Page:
Eyes are the win­dow on your health

Dubbo Photo News - - News - By YVETTE AUBUSSON-FO­LEY

“YOUR eyes can tell you a lot about your gen­eral health,” Spec­savers op­tometrist Yvonne O’sul­li­van said.

“Dur­ing an eye exam we look at the full struc­ture of the eye. Ev­ery­thing from dry eye, to cataracts, to mac­u­lar de­gen­er­a­tion, glau­coma, and di­a­betic changes at the back of the eyes.

“If we ever see any­thing in an eye exam that we think might need a fur­ther in­ves­ti­ga­tion, we’ll re­fer to the ap­pro­pri­ate med­i­cal pro­fes­sional whether it’s the doc­tor or oph­thal­mol­o­gist,” she said.

Shock­ingly, women are 1.3 times more likely to have vi­sion im­pair­ment than men, and about two thirds of the world’s pop­u­la­tion of blind or vi­sion im­paired peo­ple are women.

“The main causes of these vis­ual im­pair­ments in­clude mac­u­lar de­gen­er­a­tion which is quite preva­lent out here be­cause of the strong sun. Eye in­flam­ma­tion, such as Uveitis and dry eyes are a big one and a lot of that is due to the dust and the dry­ness. With the drought now that’s a big is­sue,” Mrs O’sul­li­van said.

Rea­sons why women have more is­sues than men in­clude the fact they live longer, and due to hor­monal fluc­tu­a­tions, birth con­trol and HRT med­i­ca­tions which in rare cir­cum­stances can cause blood clots and strokes which can cause prob­lems in the eye.

“Hor­monal changes can also cause dry eye; preg­nancy can cause dry eye, light sen­si­tiv­ity and changes in per­cep­tion,” she said.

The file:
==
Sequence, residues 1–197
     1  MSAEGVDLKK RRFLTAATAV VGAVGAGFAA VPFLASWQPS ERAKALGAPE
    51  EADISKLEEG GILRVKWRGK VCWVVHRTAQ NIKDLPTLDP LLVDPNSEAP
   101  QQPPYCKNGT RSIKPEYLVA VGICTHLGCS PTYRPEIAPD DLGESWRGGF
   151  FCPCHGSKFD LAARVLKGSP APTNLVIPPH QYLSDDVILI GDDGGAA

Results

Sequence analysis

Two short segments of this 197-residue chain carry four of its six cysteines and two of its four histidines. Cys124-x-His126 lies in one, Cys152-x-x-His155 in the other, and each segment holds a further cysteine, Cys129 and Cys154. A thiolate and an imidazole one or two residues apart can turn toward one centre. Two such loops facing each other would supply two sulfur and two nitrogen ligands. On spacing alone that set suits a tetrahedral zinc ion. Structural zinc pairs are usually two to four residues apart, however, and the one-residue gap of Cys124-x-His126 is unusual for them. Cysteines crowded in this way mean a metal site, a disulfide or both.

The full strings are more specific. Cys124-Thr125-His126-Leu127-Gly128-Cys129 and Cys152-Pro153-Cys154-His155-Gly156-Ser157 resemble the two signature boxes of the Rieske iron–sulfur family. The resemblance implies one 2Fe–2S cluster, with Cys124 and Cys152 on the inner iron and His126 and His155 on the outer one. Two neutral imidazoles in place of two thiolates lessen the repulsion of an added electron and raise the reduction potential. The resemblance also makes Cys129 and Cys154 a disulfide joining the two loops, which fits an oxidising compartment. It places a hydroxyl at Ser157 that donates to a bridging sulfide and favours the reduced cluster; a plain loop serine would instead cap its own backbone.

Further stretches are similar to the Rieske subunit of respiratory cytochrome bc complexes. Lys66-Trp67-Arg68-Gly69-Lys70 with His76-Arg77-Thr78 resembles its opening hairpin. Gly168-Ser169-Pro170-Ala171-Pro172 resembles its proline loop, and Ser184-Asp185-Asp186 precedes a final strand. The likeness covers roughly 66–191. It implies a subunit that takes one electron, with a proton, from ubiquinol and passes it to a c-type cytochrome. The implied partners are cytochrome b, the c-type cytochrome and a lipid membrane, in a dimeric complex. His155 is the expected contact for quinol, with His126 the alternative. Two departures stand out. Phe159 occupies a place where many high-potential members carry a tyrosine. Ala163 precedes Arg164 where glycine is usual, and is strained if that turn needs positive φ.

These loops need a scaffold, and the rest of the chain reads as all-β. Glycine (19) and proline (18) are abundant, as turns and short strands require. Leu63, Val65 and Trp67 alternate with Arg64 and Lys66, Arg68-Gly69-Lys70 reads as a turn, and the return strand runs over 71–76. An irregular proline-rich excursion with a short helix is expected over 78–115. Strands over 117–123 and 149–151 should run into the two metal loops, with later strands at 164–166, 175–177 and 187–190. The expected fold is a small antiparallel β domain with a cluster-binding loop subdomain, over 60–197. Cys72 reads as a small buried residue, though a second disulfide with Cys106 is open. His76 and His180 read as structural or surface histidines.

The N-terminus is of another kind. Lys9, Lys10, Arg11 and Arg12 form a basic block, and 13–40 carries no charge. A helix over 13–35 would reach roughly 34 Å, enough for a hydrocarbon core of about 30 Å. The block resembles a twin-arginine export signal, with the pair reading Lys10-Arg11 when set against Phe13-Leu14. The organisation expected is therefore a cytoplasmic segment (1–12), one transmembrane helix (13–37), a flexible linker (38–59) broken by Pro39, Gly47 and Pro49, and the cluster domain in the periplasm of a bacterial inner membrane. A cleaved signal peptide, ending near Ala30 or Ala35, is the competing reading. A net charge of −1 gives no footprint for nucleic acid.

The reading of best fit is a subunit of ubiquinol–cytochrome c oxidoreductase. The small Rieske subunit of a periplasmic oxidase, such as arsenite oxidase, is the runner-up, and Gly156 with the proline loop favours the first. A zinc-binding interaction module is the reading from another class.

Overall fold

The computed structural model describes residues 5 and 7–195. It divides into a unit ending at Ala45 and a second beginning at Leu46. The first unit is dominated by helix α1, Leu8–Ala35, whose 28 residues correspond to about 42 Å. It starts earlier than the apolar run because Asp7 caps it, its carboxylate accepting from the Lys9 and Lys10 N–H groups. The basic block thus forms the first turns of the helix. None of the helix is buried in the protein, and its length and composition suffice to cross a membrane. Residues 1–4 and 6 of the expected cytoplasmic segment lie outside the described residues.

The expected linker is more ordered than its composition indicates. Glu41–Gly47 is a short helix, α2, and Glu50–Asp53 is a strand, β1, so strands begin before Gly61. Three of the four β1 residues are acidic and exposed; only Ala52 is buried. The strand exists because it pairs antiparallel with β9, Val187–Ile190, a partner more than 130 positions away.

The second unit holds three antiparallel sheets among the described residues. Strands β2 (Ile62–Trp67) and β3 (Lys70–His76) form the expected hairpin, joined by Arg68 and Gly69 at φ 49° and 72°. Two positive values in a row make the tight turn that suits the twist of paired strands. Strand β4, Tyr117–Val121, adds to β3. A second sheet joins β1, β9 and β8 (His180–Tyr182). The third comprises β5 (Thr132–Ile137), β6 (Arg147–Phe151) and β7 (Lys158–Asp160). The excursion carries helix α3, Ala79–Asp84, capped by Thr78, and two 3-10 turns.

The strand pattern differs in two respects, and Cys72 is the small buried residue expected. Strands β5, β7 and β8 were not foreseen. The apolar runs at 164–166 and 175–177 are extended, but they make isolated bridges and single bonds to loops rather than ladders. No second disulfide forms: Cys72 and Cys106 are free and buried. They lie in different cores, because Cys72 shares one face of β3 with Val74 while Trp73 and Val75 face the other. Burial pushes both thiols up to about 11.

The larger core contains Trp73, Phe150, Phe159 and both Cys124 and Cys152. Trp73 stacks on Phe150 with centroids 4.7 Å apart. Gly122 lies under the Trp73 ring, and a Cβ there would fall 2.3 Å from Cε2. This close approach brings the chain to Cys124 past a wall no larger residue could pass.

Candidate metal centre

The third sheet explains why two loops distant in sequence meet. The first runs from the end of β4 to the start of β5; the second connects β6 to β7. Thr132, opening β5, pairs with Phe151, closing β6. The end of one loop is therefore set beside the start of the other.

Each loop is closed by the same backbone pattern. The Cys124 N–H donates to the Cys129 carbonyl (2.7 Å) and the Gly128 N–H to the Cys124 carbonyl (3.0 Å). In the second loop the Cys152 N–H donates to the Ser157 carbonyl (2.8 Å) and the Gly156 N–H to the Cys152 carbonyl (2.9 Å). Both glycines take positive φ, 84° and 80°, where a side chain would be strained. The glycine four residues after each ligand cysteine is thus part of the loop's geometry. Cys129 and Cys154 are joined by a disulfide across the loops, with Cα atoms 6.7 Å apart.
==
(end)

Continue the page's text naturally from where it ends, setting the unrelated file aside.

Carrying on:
Menopausal women also ex­pe­ri­ence dry eyes mak­ing con­tact lenses un­com­fort­able to wear. “Eyes can be very wa­tery, but not many peo­ple know that strangely enough wa­tery eyes are dry eyes. Ar­ti­fi­cial tears and eye drops can re­ally help that.”

Reg­u­lar eye ex­ams ev­ery two years are rec­om­mended. Spec­savers Dubbo op­tometrist Yvonne O’sul­li­van (left) says women’s eyes can have unique prob­lems and sug­gests reg­u­lar eye tests, as seen here with Terri-jane Bal­dock. RES­I­DENTS across the Dubbo elec­torate are be­ing en­cour­aged to ‘Share the Jour­ney’ by get­ting in­volved in Men­tal Health Month this Oc­to­ber, with the NSW Govern­ment call­ing for peo­ple to come along­side fam­ily, friends or col­leagues who are liv­ing with men­tal ill­ness or hav­ing men­tal health is­sues.

Mem­ber for Dubbo Troy Grant said Men­tal Health Month is a re­minder that friends, loved ones, work col­leagues, or even our­selves, might need help.

If you or some­one you know needs ur­gent cri­sis sup­port call Life­line 13 11 14, or for lo­cal men­tal health ser­vices phone the NSW Men­tal Health Line on 1800 011 511.

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